Studies have focused on efficacy in suppressing recurrences, safety profile, optimal dosage, and the effect on recurrence rates after treatment is discontinued. During the first year of a 6-year multicenter trial, acyclovir (400 mg twice a day) significantly increased the number of patients remaining recurrence free (44% vs 2%) and median time to first outbreak (246 days vs 18 days) compared with placebo.69 The following years of the trial demonstrated a “gradual and additional improvement” in response to therapy, with about 70% of patients remaining recurrence free during the fifth year of the trial.62,69-71(p586) Overall, studies suggest that acyclovir given as CST for 1 year allows 43% to 50% of patients to remain recurrence free, with a median time to first recurrence ranging from 246 to 274 days.69,72-74 When control was not achieved at lower doses, most initial nonresponders were controlled with increased doses ranging from 1000 to 1600 mg/d.62,75
Unfortunately, once suppressive therapy is discontinued, outbreaks often recur. When discontinued within a year, episodes recur at a frequency comparable to subjects' baselines before chronic prophylactic therapy was initiated.76 Of note, a prolonged treatment schedule of 5 years was shown in one study to lower recurrence rates relative to previous baseline in about two-thirds of patients.70 To date, no RCTs have shown significant adverse effects related to prolonged treatment.62,68-74,76-78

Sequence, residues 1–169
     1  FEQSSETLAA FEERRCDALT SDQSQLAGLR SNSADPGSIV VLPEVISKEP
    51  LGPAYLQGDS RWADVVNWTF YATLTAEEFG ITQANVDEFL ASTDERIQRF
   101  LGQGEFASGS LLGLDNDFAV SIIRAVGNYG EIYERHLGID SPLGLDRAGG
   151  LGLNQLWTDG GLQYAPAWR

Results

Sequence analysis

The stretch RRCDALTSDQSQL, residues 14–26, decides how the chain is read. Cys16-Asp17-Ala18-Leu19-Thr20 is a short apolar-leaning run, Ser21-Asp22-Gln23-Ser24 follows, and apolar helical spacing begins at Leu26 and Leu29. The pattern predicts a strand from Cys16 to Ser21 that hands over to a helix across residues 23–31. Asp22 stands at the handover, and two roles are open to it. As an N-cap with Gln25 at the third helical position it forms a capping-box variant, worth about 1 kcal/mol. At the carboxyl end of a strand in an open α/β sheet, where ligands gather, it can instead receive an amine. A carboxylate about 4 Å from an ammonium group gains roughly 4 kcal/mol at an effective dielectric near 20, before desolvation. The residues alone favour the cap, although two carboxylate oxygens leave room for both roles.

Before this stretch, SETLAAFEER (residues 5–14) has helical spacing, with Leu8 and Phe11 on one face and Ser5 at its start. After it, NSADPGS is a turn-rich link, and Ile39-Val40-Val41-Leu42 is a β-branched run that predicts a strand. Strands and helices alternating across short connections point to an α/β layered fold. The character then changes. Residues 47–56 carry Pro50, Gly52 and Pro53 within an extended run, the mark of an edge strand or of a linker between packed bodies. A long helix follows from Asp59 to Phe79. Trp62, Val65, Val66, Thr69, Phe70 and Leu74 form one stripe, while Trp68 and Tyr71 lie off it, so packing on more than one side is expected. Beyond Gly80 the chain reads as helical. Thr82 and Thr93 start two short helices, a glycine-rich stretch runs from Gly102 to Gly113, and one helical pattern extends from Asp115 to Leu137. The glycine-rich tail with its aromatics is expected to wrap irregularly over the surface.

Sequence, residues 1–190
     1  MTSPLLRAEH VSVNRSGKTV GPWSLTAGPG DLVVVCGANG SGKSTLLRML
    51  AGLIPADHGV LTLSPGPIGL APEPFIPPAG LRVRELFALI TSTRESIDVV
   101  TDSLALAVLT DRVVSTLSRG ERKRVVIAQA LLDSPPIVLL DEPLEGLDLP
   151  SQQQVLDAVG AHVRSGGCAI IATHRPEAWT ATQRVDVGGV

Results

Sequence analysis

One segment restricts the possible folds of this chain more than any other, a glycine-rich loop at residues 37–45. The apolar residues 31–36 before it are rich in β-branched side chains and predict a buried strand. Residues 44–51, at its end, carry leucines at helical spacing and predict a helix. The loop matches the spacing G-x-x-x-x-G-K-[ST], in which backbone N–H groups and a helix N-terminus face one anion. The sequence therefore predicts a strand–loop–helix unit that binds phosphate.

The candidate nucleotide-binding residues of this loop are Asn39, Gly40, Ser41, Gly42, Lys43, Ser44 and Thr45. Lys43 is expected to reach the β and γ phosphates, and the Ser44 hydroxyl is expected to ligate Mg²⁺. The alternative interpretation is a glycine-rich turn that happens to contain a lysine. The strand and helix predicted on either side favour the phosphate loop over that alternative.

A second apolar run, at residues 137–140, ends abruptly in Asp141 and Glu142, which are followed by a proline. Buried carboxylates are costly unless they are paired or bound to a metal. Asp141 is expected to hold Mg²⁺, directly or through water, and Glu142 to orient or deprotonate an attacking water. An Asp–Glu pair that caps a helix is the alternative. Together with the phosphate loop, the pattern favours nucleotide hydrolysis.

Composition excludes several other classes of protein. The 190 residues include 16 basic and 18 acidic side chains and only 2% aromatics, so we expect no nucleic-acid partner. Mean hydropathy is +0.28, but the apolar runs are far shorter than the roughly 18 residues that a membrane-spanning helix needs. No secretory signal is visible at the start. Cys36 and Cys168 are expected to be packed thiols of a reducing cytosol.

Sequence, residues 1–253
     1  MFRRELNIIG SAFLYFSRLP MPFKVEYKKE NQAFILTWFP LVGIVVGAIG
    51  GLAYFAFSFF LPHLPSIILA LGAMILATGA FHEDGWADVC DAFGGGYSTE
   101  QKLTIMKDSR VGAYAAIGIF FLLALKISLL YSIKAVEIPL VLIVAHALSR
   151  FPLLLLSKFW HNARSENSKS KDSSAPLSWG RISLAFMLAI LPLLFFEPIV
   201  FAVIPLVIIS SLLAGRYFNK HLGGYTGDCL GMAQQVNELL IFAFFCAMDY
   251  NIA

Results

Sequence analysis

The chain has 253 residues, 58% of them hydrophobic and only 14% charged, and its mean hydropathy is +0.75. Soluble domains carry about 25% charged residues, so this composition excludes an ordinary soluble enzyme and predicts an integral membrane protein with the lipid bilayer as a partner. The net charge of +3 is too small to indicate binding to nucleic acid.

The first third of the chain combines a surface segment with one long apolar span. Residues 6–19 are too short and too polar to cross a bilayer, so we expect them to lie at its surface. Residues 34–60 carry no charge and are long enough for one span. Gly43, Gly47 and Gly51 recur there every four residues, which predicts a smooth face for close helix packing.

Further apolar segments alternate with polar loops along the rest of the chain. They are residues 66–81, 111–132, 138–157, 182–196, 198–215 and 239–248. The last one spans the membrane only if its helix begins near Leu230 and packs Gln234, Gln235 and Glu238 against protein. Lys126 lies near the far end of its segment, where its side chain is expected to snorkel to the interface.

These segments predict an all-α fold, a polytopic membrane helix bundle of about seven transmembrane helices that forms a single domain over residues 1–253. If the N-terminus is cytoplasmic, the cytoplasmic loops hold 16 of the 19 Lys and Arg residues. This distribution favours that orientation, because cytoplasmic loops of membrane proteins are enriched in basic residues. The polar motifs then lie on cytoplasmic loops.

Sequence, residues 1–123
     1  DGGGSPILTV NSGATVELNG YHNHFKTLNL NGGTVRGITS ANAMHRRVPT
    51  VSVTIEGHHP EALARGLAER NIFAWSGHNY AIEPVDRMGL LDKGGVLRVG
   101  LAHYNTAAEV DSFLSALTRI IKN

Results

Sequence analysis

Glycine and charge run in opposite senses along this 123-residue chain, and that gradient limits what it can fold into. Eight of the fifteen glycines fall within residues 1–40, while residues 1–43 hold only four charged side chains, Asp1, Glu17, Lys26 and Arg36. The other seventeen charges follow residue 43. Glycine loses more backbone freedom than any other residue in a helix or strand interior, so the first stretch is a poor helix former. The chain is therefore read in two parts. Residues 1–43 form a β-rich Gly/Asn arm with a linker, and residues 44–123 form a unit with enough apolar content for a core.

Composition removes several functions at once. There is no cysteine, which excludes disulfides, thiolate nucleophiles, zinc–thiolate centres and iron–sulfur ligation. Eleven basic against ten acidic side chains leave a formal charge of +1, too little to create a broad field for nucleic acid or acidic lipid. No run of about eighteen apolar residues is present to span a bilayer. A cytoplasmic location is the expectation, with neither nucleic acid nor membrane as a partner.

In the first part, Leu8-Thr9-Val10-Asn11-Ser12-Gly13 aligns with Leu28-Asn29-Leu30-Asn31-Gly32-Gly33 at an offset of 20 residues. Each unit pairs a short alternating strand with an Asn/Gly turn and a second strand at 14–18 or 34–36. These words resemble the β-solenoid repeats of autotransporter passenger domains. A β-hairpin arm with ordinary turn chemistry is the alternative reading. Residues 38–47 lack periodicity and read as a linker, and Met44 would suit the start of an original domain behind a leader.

The first RCT conducted on valacyclovir (500 mg once a day), a large 16-week study, demonstrated a significant reduction in recurrences (69% vs 9.5% recurrence free) and a significant increase in median time to first recurrence (>112 vs 20 days) in the treatment group compared with the placebo group.79,80 Another study evaluating daily single-dose regimens (250 mg, 500 mg, and 1 g), 250 mg twice a day, 400 mg twice a day, and placebo found 500 mg once a day, 1 g once a day, 250 mg twice a day, and 400 mg twice a day of similar efficacy with regard to the percentage of patients remaining recurrence free (40%, 48%, 50%, and 49%, respectively) after 1 year. All these regimens were superior to the 250 mg once a day dosage (22% recurrence free) and placebo (5%).80,81 More complete suppression was attained in patients with baseline disease activity of less than 10 recurrences per year, with the 500 mg once a day dosage typically sufficient for control. Patients with 10 or more recurrences per year often needed twice-daily dosing or 1 g once a day for adequate control.80,81